Hiking down to Cleetwood Cove
hiking down to Cleetwood Cove

Most of the hikes in the park are short and sweet. We mixed and matched from the visitor guide’s moderate and strenuous lists of hikes–but the longest hike with lake views is only 4.4 miles, so “strenuous” is relative. A couple of the (non-lake view) trails are dog-friendly, but we opted to take Bugsy hiking outside the national park instead.

Moderate: Discovery Point

view from Discovery Point trail
view along the Discovery Point hike

Discovery Point is a two-mile total out-and-back along the crater rim between Rim Village and Discovery Point. It was the first hike we did in the park, and it was a wonderful introduction. It’s easy and flat and takes you through a peaceful forest with big views of the lake and Wizard Island.

Strenuous: Garfield Peak

a view on the way up to Garfield Peak
heading up to Garfield Peak

Garfield Peak is a 3.6-mile out-and-back to the top of a peak with bonkers views of the lake and the Cascades beyond. I’d say if you’re only doing one hike in the national park, it should be this one.

Strenuous: Cleetwood Cove

Crater Lake shoreline from Cleetwood Cove trail
Crater Lake’s shoreline at Cleetwood Cove

Cleetwood Cove is the only hike that goes down to the water. It’s a very steep and switchbacky mile down to the ferry dock, where you can hang out on the rocks or even go for a swim (warmest average surface water temp is 60 degrees)! It was neat to touch the water and see it up close, but the hike would likely be pretty obnoxious on a crowded day when the ferry is running.

Strenuous: Mount Scott

view of Crater Lake from the Mount Scott hike
Crater Lake in the distance from the Mount Scott trail

Mount Scott is a longer hike, totaling about five miles, with views galore. It was a mostly-easy trip up, and it was cool to see the entire lake at a distance where we could fit the whole thing into a single photo. The longer length of this hike meant we shared the summit with fewer people, which was nice.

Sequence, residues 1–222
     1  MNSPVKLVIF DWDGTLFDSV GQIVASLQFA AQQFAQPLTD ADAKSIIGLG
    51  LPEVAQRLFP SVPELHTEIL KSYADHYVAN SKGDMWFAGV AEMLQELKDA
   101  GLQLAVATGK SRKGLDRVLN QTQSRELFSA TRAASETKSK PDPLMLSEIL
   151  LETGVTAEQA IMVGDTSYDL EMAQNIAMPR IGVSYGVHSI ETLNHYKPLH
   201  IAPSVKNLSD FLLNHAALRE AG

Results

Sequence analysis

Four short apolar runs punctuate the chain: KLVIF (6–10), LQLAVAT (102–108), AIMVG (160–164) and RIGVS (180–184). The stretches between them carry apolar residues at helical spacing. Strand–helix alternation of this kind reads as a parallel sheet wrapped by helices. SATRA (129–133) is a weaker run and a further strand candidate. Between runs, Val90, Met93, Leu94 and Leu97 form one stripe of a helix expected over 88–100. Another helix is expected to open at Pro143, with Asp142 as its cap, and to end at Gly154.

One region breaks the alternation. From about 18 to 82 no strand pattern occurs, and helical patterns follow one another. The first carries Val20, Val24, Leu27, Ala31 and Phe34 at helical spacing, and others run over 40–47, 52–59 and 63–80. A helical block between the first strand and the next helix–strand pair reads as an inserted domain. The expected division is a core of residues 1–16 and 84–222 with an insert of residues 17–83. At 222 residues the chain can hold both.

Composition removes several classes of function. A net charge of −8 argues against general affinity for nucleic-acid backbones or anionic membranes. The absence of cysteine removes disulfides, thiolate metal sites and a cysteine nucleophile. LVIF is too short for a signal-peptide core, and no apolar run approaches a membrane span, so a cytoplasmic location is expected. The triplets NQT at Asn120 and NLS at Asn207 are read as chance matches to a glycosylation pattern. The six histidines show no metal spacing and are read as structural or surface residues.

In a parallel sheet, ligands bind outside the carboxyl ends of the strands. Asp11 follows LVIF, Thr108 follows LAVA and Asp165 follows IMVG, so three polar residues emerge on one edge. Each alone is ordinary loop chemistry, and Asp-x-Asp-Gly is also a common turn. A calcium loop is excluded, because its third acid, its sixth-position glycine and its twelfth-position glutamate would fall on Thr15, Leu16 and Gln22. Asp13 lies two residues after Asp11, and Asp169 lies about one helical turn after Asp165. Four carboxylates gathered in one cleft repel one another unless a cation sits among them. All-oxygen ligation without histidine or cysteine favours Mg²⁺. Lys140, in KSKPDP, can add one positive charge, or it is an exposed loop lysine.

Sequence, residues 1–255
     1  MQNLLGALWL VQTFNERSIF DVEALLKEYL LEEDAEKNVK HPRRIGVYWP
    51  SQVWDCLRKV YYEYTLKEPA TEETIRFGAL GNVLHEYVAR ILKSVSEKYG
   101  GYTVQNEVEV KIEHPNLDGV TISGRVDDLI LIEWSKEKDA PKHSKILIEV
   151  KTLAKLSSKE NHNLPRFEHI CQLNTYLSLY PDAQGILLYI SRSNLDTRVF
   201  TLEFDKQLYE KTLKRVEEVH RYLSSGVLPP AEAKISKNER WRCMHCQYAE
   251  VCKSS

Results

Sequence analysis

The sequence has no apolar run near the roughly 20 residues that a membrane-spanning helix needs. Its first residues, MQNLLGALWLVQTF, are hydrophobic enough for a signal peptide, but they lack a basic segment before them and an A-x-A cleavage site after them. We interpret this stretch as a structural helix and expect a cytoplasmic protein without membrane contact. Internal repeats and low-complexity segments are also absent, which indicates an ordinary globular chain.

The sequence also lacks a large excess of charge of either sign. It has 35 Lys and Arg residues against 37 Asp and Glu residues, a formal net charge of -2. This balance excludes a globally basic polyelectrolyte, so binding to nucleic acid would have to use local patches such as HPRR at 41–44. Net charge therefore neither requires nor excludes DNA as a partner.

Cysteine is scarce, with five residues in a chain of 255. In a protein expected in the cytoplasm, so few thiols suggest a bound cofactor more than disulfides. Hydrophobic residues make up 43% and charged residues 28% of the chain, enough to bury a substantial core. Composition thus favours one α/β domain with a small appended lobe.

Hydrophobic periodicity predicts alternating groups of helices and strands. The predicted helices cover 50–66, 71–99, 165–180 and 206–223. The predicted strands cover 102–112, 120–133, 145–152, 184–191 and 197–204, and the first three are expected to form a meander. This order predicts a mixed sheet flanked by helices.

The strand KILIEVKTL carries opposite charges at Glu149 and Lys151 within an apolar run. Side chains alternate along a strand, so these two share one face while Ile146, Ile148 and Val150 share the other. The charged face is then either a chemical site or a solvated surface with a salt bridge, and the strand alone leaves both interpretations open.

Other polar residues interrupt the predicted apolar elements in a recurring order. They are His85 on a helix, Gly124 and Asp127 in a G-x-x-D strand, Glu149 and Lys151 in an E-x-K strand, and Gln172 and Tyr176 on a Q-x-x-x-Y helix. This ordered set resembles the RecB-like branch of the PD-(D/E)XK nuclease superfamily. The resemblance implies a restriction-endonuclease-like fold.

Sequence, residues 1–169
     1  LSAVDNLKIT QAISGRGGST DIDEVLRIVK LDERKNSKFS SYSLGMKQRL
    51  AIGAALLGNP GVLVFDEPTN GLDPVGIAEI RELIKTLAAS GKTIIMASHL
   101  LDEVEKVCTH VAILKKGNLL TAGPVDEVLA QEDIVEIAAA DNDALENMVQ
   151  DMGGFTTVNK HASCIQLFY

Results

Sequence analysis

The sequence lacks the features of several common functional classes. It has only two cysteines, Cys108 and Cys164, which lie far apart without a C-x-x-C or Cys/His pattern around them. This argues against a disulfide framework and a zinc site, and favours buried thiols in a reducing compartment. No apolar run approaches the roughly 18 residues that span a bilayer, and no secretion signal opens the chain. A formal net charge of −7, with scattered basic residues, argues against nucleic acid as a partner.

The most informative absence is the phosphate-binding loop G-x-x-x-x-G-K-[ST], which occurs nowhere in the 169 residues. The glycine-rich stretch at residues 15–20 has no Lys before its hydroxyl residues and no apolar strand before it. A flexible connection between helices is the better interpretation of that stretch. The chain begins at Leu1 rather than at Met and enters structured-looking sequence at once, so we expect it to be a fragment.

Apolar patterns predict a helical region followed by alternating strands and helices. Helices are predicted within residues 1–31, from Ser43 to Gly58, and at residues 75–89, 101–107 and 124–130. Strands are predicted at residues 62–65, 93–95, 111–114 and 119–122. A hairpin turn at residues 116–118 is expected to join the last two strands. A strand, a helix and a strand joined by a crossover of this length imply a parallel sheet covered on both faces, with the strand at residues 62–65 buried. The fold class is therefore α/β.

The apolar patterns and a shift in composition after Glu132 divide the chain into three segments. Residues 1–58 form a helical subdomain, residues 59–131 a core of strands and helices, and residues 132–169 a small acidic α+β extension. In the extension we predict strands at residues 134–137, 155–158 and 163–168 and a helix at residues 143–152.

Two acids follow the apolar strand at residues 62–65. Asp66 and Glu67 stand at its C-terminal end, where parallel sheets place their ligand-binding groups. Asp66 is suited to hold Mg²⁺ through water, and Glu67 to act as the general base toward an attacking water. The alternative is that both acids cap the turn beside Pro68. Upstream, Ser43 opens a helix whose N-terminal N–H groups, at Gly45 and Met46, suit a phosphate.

Other hikes we considered

Plaikni Falls, a two-mile waterfall hike, and Watchman Peak, 1.6 miles that we opted to skip since we’d get similar views from other less-crowded hikes.

Eating and drinking

Oregon beer with a view at Crater Lake Lodge
a beer at Crater Lake Lodge

We’re suckers for the neat old national park lodges, so had to stop for a drink at Crater Lake Lodge, built in 1915 at the edge of the lake. We had a cocktail made with Crater Lake Spirits (based in Bend, and inspired by–not made with–Crater Lake’s water) and an Oregon beer from a Eugene brewery while gazing at the water and using the lodge’s wi-fi. Wi-fi was a treat when we barely had cell service in the area.

I already mentioned our search for gas, which we found in Mazama Village. I was also able to get a stamp for my National Parks Passport book at the little visitor center there.

Outside the national park

In addition to gawking at the lake, we also needed to entertain Bugsy, and she loves a river hike. In addition to our walk on the super paved path along Diamond Lake, we hiked to two waterfalls in the Umpqua National Forest not far from the campground. If you can, pick up a Thundering Waters brochure from your campground or a visitor center for a fantastic guide to the local waterfalls and resident flora and fauna.


Toketee Falls near Crater Lake
Toketee Falls
Bugsy at Watson Falls near Crater Lake
Watson Falls

We chose two waterfalls close to home: Toketee Falls and Watson Falls. They were both gorgeous, and quite different from each other. The hikes were short and pleasant and not very crowded, and if we’d stayed the extra day we would have gone back into the national forest for more waterfall hikes.

The bartender at Crater Lake Lodge also recommended Mill Creek Falls, another short hike to fabulous falls that’s not part of the Umpqua National Forest cluster.

Eating and drinking

beer at Diamond Lake Resort
beer at Diamond Lake Resort

As our campground is part of Diamond Lake Resort, we thought it would be fun to visit the lodge at the resort and let Bugsy play by the water. The resort has a restaurant and a lounge, and we first stopped at the lounge, but it was a weird, kind of creepy spot hidden in the bowels of the lodge. The restaurant was brighter and busier, and we were able to take drinks outside to a picnic table by the lake and watch Bugsy yell at ducks. The resort has a gift shop/convenience store/marina store that sells travel basics if you need something while you’re out in the middle of nowhere.

Bugsy at Diamond Lake at sunset
sunset at Diamond Lake

From Crater Lake we bid farewell to the Pacific Northwest, and headed south to our next national park, Lassen Volcanic, in northern California, stopping at another stunning waterfall along the way.